• Infectious Diseases

    Mayo Clinic Minute: Why you and your family need a flu shot

Family of four smiling and pointing at their bandages, indicating they just had their flu  shot
Make getting a flu shot a family affair

If you haven't had the flu in a few years, there's a reason. As Dr. Nipunie Rajapakse, a pediatric infectious diseases physician with the Mayo Clinic Children's Center, shares, all the more reason to ensure you and your family are vaccinated this year.

The Centers for Disease Control and Prevention recommends that everyone 6 months and older get a flu shot. And make it a goal to be vaccinated by the end of October.

Watch: The Mayo Clinic Minute

Journalists: Broadcast-quality video (0:58) is in the downloads at the end of this post. Please courtesy: "Mayo Clinic News Network." Read the script.

"We know that our population-level immunity to influenza is lower than usual because we've had lower rates during the COVID times," says Dr. Rajapakse.

Public health measures during the pandemic — wearing masks, washing hands and social distancing — not only help reduce COVID-19 transmission but also lowered the spread of the flu.

"Fewer people have had influenza infection and illness. They don't have the antibodies from that experience. We're all the more dependent on the antibodies from vaccination to protect us in that situation," she says.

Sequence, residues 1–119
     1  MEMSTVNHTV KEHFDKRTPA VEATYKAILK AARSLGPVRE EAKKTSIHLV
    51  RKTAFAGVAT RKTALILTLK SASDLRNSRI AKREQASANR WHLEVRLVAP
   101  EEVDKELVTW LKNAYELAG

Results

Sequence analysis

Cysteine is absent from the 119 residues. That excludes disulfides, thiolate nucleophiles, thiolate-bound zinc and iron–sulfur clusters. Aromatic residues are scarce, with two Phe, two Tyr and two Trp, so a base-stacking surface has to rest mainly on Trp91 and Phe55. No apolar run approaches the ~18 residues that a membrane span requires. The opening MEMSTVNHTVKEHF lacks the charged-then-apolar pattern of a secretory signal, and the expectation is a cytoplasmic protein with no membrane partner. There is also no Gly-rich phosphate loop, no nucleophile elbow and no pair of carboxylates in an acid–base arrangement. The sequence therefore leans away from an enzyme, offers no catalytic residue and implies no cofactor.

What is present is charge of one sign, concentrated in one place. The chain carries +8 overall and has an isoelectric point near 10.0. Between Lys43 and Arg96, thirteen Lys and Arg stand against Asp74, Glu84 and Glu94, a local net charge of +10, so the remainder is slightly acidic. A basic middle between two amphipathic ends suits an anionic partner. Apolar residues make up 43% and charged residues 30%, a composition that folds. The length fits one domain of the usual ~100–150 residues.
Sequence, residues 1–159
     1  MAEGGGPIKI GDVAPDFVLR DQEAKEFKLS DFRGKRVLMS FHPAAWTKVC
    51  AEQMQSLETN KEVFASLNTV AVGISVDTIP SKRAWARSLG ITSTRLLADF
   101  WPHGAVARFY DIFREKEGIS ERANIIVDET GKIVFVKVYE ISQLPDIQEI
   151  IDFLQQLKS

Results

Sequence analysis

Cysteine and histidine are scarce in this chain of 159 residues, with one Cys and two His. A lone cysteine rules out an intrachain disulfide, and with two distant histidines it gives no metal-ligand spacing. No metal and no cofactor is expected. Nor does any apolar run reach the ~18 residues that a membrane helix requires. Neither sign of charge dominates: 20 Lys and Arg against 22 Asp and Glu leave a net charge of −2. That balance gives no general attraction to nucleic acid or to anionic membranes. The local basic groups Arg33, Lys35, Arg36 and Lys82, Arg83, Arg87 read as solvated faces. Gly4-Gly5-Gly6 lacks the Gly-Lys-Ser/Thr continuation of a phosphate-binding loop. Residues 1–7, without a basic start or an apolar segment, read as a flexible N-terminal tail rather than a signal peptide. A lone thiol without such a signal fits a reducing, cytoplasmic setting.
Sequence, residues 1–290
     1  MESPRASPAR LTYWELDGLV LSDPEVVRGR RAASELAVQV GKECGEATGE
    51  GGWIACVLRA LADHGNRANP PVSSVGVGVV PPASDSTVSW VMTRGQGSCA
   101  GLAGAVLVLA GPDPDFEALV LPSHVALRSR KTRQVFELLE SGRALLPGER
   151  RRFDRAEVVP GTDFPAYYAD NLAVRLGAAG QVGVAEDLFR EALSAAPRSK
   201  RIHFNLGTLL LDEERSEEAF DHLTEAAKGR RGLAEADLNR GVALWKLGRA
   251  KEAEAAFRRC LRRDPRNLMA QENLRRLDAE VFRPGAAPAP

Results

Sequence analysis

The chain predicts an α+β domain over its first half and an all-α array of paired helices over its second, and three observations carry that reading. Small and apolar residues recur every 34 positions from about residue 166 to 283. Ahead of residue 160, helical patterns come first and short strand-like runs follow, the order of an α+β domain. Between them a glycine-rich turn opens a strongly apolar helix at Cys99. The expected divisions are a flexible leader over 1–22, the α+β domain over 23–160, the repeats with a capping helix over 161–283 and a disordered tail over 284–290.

Why get a flu shot

Dr. Rajapakse says getting vaccinated is an important way to build immunity and prevent infection.

The recommendations still remain that anyone over six months of age should get an influenza vaccine this year," she says.

"And so the recommendations still remain that anyone over 6 months of age should get an influenza vaccine this year.”

Especially young children, older adults and those with weakened immune systems who are at higher risk of severe illness due to the flu. 

"People's protection is going to come from vaccination rather than recent infection. And that makes it all the more important to get the vaccine," says Dr. Rajapakse.

Who should get flu shot

Everyone aged 6 months and older should get a yearly flu vaccine. It's especially important for those at a higher risk of severe flu complications.

Those at higher risk of complications from flu include:

  • Young children under age 2.
  • Adults older than age 65.
  • Residents of nursing homes and other long-term care facilities.
  • People who are pregnant or plan to be pregnant during flu season.
  • People with weakened immune systems.
  • American Indians or Alaska Natives.
  • People with chronic illnesses, such as asthma, heart disease, kidney disease, liver disease and diabetes.

Getting the flu shot has important benefits. It reduces flu cases, doctor visits, missed work and school days due to flu, and lessens symptom severity, lowering flu-related hospitalizations and deaths.

Along with vaccination, practicing good hand hygiene and avoiding people who are ill are ways to prevent transmission and illness.

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